In 1947, the Roswell incident happens, and President Truman orders the creation of Majestic-12 – a think-tank intended to study the crashed UFO and its Grey inhabitants (who mostly died in the crash, but one of them survived and was a guest of the government for some years), to reverse-engineer what technology they could out of it, and to ascertain what exactly the Greys were up to. Over the years, Majestic-12’s priorities diverged from Delta Green’s – Delta Green were all about cramming genies back into bottles and were more than aware of the real powers behind the occult, whilst Majestic-12 had a relentlessly materialistic worldview and were all about exploiting alien technology for the benefit of national security. Eventually, Majestic-12 had an opportunity to deal with the Delta Green problem decisively, thanks largely to Delta Green’s own increasingly trigger-happy practices: a blood-drenched disaster of a 1970 operation in Cambodia gave Majestic-12 all the leverage they needed to get the Delta Green project officially cancelled.

The important word there is “officially”. Delta Green’s leadership knew only too well the danger to humanity as a whole that the Mythos represented. In their minds, the risks involved in continuing their activities despite the ordered shutdown – the potential of losing their jobs, going to jail, or even facing extrajudicial execution – paled in comparison to the possible consequences of just turning a blind eye to the threat. Officially, Delta Green was over; unofficially, it simply metamorphosed to better handle the challenges of the era.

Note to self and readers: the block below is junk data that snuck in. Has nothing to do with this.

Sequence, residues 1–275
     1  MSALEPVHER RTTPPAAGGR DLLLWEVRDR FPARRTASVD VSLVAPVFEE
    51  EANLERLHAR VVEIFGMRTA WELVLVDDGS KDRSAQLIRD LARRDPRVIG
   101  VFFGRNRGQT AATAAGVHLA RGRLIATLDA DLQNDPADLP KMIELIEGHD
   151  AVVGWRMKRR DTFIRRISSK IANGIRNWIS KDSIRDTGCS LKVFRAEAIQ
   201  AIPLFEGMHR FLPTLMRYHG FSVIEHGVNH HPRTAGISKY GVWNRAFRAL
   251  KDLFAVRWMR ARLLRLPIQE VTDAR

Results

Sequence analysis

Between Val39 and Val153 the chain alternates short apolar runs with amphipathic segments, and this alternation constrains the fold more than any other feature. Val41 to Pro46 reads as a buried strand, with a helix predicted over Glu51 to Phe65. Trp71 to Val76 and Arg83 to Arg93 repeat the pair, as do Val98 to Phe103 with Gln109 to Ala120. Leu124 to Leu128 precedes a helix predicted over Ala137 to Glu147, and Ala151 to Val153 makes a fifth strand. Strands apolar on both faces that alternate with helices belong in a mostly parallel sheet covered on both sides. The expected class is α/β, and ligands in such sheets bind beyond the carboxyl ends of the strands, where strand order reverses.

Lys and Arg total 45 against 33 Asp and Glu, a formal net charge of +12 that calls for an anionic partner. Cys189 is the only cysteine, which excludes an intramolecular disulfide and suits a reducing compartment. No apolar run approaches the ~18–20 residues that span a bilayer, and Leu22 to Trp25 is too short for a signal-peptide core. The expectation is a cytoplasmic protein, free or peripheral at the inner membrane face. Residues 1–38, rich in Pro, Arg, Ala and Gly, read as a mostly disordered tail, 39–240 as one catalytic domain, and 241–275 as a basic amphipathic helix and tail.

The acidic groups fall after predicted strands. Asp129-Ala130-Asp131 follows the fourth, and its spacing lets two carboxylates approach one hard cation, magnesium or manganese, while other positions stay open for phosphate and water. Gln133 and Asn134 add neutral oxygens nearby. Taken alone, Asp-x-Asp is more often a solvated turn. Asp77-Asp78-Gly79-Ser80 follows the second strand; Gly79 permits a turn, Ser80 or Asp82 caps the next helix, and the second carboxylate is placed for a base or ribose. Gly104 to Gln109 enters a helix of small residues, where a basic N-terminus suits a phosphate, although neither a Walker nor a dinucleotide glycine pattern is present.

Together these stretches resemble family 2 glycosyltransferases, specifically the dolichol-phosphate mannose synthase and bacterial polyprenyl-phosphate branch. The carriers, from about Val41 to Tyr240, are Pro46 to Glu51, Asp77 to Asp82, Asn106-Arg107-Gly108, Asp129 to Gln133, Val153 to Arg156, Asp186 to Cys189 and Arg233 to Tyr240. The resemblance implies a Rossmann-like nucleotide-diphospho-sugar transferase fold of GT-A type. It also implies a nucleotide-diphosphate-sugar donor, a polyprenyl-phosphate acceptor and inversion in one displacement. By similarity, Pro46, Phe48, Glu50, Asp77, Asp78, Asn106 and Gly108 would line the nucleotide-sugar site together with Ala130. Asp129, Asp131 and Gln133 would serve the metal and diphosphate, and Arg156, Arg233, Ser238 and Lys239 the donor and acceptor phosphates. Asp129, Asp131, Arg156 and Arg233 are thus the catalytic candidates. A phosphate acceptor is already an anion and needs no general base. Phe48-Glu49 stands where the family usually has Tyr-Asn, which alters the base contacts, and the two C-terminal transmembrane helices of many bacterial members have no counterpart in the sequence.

Since 1970, Delta Green has operated as a highly illegal conspiracy within the government, still fighting the good fight, with a cell structure to protect the organisation as a whole from the consequences of one cell or another getting compromised – by the mundane authorities, or by the stooges of Majestic-12, or by more sinister powers. Meanwhile, Majestic-12 has been rumbling along to a crisis point; despite making contact with the Greys and negotiating a treaty with them that seems to be a win-win situation, the Greys seem to be taking more and more liberties with the treaty as time goes by, and the MJ-12 steering committee has become increasingly divided between those who want to split from the Greys and go to war with them and those who want to keep working with them, either because of lust for the power they offer or fear of the consequences of defying them. Both Delta Green and Majestic-12 may be in for a shock if they ever discover the true nature of the Greys…